Pulitzer prize–winning oil analyst Daniel Yergin appears to be feeling more confident that American drillers can boost output in 2017.
"We're expecting this year to see U.S. production probably increase from beginning to end by more than 500,000 barrels a day," the vice chairman of IHS Markit told CNBC's "Squawk Box" on Thursday.
As recently as December, Yergin said U.S. drillers could add 300,000 to 500,000 barrels a day if U.S. crude prices stay between $50 and $55 a barrel.
Since then, oil prices have stabilized in that range as OPEC and other oil-producing nations, including Russia, report a high degree of compliance in their effort to remove 1.8 million barrels per day from an oversupplied oil market.
That level allows more U.S. producers — which rely on expensive advance drilling methods — to operate profitably. Monthly U.S. production began falling in May 2015 and began to recover in October.
Yergin's forecast is meaningfully higher than some other forecasts. The International Energy Agency last month projected a gain of 320,000 barrels per day in the United States. IEA releases its next monthly report on Friday.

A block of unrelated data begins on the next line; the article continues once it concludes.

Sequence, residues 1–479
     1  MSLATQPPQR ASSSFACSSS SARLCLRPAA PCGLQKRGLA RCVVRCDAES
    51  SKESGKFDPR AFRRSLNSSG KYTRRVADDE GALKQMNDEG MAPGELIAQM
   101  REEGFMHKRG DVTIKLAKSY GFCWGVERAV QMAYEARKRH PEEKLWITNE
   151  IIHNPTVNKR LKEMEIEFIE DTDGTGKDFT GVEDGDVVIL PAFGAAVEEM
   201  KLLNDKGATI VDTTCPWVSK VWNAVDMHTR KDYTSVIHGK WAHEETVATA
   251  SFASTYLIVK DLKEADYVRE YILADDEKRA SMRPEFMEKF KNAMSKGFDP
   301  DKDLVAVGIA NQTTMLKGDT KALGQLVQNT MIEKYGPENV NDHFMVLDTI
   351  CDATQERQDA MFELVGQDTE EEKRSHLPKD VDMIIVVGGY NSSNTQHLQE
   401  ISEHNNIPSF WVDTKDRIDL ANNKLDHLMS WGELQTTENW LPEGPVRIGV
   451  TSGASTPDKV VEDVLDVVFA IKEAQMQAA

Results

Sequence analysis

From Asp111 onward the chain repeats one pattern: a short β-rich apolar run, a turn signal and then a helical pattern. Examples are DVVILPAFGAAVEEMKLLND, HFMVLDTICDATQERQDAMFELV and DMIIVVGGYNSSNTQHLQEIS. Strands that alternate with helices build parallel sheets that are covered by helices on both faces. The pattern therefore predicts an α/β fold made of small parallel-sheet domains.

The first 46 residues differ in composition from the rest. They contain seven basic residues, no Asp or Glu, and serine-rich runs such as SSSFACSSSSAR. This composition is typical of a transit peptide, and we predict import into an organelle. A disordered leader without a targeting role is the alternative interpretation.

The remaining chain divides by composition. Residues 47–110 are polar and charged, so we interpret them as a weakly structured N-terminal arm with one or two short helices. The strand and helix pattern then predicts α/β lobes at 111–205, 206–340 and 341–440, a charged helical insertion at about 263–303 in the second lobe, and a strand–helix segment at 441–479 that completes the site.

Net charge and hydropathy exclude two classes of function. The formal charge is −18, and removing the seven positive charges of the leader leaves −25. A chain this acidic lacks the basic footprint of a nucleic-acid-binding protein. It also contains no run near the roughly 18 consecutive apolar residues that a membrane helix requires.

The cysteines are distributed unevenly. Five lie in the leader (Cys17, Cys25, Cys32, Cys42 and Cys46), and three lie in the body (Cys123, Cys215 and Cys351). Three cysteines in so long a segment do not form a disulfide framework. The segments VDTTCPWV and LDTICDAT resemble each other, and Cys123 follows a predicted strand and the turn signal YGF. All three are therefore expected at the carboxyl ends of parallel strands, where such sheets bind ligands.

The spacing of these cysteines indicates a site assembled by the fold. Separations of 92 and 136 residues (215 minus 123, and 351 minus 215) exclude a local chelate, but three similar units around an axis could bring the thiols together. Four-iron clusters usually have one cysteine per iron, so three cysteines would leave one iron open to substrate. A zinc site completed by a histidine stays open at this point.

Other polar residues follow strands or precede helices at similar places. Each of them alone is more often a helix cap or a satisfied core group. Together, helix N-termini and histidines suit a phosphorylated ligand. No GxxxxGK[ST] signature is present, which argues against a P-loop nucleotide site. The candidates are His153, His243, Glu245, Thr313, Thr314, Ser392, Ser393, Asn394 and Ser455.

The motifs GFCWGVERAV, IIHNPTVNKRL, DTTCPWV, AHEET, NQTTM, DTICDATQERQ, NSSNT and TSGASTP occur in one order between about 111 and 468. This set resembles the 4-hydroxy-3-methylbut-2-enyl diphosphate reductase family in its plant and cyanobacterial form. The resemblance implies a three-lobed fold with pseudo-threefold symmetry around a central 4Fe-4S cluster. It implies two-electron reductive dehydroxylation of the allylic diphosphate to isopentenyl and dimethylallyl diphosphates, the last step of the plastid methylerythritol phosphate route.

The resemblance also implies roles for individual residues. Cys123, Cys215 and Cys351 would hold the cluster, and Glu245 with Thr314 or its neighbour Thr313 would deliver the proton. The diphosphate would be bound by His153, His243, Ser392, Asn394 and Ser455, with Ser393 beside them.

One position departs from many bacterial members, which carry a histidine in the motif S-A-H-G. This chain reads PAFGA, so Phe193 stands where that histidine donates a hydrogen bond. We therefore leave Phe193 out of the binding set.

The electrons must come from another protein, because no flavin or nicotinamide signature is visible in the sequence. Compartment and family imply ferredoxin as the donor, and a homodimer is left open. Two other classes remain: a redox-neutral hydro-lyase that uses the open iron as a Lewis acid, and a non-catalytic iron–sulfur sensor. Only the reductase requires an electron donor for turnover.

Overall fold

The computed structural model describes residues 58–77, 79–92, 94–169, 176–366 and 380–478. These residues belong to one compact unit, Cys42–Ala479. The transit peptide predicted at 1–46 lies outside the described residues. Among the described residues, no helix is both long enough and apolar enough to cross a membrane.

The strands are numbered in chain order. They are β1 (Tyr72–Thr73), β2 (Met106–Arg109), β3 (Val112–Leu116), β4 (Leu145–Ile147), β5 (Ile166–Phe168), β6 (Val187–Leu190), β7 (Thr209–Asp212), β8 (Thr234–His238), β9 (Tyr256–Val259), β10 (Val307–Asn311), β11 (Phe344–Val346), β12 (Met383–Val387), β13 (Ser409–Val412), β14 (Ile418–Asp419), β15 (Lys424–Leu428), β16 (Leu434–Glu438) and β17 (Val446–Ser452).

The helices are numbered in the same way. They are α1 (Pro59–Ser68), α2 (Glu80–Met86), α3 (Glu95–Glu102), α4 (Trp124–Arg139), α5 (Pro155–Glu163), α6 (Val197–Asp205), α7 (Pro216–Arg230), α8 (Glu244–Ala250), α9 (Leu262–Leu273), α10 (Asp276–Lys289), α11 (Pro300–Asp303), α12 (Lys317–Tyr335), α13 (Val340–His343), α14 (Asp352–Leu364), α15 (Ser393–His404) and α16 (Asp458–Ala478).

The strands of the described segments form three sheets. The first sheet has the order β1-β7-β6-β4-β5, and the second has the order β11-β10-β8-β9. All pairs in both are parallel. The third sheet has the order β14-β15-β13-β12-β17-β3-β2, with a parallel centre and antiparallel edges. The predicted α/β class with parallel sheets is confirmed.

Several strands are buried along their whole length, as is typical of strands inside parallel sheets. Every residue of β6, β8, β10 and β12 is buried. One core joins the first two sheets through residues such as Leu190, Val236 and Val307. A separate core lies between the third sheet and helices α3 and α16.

Oil prices remain at roughly half their peak levels in 2014, but Yergin noted the downturn has forced oil producers to drill more efficiently.
"A dollar invested in 2017 produces about two and a half times as much oil as a dollar invested in 2014, so I think even at these lower prices we're going to see this recovery," he said.
As for OPEC's output cuts, Yergin said he believes the cartel and Russia are sticking to them out of necessity because many oil-dependent nations are wrestling with budget deficits. Past efforts to rein in production have been rife with cheating.